- Set boundaries. Be disciplined with and protect your time. If you let just anyone get a piece of your valuable time and energy and you spend your day ‘reacting’ to every beck and call from strangers instead of establishing boundaries for your business, yourself, and your time, pretty soon you’ll stop moving the needle forward, stop getting closer to your overall goals. You’ll be trading studio time and valuable creative energy for phone calls that can wait and errands that could be done after you take care of your business first. In order to have a business that’s healthy and can really show up for your audience and customers, you have to be sure you’re taking care of yourself and your business first. That’s the best way to honor your customers, to protect your creative time and energy.
You are a person of great influence. If you could inspire a movement that would bring the most amount of good to the most amount of people, what would that be? You never know what your idea can trigger. 🙂
Honestly, it would be for artists to realize the fact that they can create a career from their art if they’re willing to invest the time, consistent effort, and the confidence to follow their dreams. Knowing it’s possible is the first step to making it happen. Committing to doing the work, day after day is another. I’d also want them to know the business side to having an artistic career doesn’t need to be confusing, intimidating, or take you away from creating. It can be straightforward and will make all the difference with stressing less and being able to freely create more. Art and business are not enemies, they actually go together well, and all of this is why I created my course Art Business Evolution. So artists can create artwork they love and make a living doing it.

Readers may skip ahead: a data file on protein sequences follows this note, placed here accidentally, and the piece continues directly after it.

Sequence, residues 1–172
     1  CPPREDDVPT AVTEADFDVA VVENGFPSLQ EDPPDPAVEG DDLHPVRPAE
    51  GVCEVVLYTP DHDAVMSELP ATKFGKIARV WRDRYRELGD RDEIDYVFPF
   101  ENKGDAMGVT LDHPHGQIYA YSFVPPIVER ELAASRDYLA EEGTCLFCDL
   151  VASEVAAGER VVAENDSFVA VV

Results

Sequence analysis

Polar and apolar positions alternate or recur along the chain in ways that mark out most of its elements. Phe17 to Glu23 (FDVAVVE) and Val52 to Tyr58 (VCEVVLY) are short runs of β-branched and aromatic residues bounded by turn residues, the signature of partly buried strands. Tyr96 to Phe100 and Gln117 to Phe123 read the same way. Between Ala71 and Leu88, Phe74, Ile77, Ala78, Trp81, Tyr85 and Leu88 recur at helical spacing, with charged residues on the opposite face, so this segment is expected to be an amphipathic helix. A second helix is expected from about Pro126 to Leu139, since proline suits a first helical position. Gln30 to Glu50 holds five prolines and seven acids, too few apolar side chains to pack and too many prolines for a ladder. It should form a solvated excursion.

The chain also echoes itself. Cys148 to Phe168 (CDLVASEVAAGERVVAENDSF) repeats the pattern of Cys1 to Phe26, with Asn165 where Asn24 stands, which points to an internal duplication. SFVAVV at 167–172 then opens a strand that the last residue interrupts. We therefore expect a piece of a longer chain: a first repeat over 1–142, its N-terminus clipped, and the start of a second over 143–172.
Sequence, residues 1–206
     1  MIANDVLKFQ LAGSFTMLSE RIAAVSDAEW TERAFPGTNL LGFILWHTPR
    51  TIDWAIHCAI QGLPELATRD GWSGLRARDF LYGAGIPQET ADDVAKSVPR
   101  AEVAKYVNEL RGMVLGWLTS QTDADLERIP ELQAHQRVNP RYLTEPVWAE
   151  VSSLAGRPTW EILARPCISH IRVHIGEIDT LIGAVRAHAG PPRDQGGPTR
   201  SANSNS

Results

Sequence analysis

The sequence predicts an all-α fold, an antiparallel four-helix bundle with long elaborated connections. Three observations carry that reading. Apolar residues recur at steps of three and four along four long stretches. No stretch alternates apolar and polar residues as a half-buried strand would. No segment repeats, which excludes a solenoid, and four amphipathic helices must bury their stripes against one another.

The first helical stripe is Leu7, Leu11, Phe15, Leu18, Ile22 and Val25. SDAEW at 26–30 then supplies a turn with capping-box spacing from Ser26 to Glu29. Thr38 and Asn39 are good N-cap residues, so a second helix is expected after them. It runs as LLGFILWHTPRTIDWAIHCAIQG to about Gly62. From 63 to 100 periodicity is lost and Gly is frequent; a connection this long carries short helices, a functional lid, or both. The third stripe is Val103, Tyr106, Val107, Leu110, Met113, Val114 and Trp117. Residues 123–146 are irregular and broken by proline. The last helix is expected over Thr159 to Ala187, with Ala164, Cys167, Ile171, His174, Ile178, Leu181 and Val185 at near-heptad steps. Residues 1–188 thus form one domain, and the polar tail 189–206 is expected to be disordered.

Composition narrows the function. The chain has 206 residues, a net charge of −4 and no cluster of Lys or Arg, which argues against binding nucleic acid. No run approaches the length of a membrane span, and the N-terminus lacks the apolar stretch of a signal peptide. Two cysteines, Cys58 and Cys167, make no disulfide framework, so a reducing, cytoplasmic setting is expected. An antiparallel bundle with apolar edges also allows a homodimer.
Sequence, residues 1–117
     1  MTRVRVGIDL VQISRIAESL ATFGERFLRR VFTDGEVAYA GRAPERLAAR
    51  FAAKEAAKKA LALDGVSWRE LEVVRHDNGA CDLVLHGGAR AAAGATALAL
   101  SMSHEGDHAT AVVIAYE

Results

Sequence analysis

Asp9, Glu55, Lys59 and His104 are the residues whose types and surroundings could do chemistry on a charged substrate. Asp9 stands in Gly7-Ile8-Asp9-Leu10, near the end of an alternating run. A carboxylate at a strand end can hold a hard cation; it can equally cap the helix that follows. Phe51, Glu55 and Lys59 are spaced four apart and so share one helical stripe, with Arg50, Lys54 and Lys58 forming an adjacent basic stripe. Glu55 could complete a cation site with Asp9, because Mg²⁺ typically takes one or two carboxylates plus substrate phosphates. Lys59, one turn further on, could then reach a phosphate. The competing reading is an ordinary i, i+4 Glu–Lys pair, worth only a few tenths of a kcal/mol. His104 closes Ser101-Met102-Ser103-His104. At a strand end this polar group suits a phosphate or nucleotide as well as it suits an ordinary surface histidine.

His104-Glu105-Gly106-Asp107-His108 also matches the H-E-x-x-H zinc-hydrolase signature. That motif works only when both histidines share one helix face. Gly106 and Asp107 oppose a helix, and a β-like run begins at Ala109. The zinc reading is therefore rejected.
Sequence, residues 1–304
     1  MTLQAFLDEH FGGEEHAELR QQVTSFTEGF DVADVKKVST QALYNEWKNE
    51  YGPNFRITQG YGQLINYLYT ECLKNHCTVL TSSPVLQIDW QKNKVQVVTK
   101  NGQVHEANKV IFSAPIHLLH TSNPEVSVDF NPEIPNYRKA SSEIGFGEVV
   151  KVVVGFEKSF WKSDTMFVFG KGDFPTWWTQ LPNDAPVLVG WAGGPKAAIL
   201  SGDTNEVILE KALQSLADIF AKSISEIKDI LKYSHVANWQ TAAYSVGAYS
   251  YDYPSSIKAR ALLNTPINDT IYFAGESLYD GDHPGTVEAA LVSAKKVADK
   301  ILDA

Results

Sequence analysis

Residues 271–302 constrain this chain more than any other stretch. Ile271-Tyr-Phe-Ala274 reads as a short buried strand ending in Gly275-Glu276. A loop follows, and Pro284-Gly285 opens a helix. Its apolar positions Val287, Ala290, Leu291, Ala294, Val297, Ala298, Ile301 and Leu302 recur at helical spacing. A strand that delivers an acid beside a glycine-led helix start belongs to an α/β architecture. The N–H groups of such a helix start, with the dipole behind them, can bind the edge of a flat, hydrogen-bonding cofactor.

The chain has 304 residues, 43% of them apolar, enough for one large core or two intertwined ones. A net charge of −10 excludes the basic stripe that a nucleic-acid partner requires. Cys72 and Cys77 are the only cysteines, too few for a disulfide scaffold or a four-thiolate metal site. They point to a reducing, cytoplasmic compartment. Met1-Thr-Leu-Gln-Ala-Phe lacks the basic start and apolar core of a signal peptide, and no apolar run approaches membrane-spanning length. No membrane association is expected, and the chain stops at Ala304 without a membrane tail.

We have been blessed that some of the biggest names in Business, VC funding, Sports, and Entertainment read this column. Is there a person in the world, or in the US whom you would love to have a private breakfast or lunch with, and why? He or she just might see this.
This is a tough one but when it comes down to it, this year I’ve been truly inspired by Rachel Rodgers. She’s an honest, no-nonsense, business coach that gets right to the heart of how women entrepreneurs need to step up and claim what they were made for. If you’re a female business owner of any type, you need to be following Rachel, like yesterday. This quote from her is one that stuck with me because it’s humorous and inspiring all at once, “You were not born into the world to vacuum dust bunnies from under the bed…while your dreams get pushed to the side and your income remains stagnant.” Whether I’m listening to her podcast, HelloSeven, or any other podcast featuring her, like the Get Paid Podcast or the So Money Podcast, I’m soaking in every ounce of confidence and mindset shift she’s bringing to the table. And believe me, the table is full. Plus, I’m absolutely obsessed with all the glam photos of her on her new ranch.
What is the best way our readers can follow you on social media?
This was very inspiring. Thank you so much for joining us!